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Rifle squad finishes third in national drill meet


The University of North Georgia (UNG) Blue Ridge Rifles took third place overall in the Mardi Gras Invitational Drill Meet in February. The unit also took second place in Platoon Exhibition, less than half a point behind winner Texas A&M.

Four senior military colleges, including UNG, three service academies, and an additional 20 college and university ROTC rifle units competed in the event, hosted annually by Tulane University's Naval ROTC program.

Cadet LTC Mathew Tyree, a senior from Orange Park, Fla., who commands the UNG Blue Ridge Rifles, said years of training and months of early-morning and afternoon practices paid off for the unit.

"I couldn't have been more pleased," Tyree said. "It's been four years since this unit competed at the national level, so none of us had been to the Mardi Gras competition. Even though we didn't get first place, the confidence the unit showed was excellent. They worked as a team and really built each other up throughout the competition."

Mardis Gras meet
UNG's Blue Ridge Rifles placed third overall in the recent
Mardi Gras Invitational Drill Meet.

The meet consists of seven events that test cadets' confidence, attention to detail and discipline – the key characteristics for a quality soldier and a solid member of the Blue Ridge Rifles, Tyree said. The Blue Ridge Rifles hold tryouts each fall semester. Members are expected to grow in ability and knowledge and move into leadership positions in the unit, which often coincides with increasing responsibility in the Corps of Cadets.

As drillmaster for the Blue Ridge Rifles, Cadet MSG Alex Harvie of Grayson, Ga., is responsible for training and creates the unit's routines. Next year, Harvie will be unit commander and Cadet SSG Cody Waits of Palm Beach Gardens, Fla., will move into the drillmaster role.

"I'm very excited about it, but it definitely will be a challenge because next year we'll have to recruit a large number of freshmen to fill out the ranks," Harvie said. "My participation in this unit for three years certainly has been a big factor in my growth as a leader and in my overall character."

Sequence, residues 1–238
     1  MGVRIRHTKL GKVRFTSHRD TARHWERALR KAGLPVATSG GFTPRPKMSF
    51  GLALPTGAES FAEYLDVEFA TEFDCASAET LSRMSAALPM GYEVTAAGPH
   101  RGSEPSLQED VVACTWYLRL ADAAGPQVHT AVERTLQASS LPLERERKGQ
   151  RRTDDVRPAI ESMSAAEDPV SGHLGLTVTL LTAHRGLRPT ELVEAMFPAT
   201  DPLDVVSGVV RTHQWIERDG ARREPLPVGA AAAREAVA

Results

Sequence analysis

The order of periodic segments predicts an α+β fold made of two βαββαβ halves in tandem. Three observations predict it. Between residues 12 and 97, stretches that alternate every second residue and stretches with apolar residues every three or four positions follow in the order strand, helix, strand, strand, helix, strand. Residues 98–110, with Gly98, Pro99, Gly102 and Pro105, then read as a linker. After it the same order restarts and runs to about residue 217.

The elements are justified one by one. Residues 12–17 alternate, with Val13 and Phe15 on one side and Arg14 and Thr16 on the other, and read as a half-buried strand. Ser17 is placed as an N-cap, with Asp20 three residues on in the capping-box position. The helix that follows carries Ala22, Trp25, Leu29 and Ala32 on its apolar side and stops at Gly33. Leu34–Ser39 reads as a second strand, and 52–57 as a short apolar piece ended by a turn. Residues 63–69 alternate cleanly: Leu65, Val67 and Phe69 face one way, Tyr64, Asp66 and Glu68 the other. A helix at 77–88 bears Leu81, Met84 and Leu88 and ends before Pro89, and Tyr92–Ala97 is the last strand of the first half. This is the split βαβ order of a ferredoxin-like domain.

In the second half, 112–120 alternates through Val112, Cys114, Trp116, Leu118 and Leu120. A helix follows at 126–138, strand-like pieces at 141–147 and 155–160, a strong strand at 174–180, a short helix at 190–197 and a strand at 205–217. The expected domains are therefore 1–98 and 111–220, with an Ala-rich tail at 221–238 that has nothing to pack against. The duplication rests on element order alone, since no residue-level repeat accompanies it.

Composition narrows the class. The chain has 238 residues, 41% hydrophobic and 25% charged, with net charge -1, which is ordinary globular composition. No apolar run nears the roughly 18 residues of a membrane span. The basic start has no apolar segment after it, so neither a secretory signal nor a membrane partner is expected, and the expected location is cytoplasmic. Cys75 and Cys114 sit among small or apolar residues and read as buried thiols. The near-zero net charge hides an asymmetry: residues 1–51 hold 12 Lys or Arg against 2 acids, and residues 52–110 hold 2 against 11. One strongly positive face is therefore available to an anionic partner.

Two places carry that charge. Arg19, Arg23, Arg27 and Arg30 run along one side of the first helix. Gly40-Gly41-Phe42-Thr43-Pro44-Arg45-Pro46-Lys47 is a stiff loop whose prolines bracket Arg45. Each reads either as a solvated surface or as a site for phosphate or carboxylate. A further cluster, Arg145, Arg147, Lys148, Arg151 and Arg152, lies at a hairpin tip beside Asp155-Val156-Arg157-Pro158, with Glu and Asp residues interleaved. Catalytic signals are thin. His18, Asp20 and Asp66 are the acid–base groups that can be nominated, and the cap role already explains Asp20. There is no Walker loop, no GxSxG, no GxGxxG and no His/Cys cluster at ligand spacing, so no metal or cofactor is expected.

One of the unit's newest members is Cadet PFC James Howse, a freshman from Stuart, Fla., who became interested in the Blue Ridge Rifles as a way to gain experience in leadership. House was a last-minute replacement at the Mardi Gras meet.

"I got thrown into the exhibition and I thought 'This is the real deal now!' When we actually went out there to perform, I was definitely on edge, but as soon as we did that first maneuver and we sounded so together and so crisp, I knew that we had this," House said.

Tyree, who graduates with a physics degree and commissions as a second lieutenant in May, said he'll miss the unit that has been his life for four years, but knows the experience he's gained will help his military career.

"It's been a great benefit, especially being the commander of the unit, because it has been 24-7 and I've had to deal with unit members' real-life issues," he said. "It's not just spinning a weapon, this is real-life leadership and it really teaches you to be a disciplined officer."

The Blue Ridge Rifles, a specialty unit of the university's Corps of Cadets, was created in 1950 and renamed Blue Ridge Rifles in 1958 to honor a group of Dahlonega volunteers who fought during the Civil War. UNG is one of six senior military colleges in the country and is designated The Military College of Georgia and a state leadership institution.

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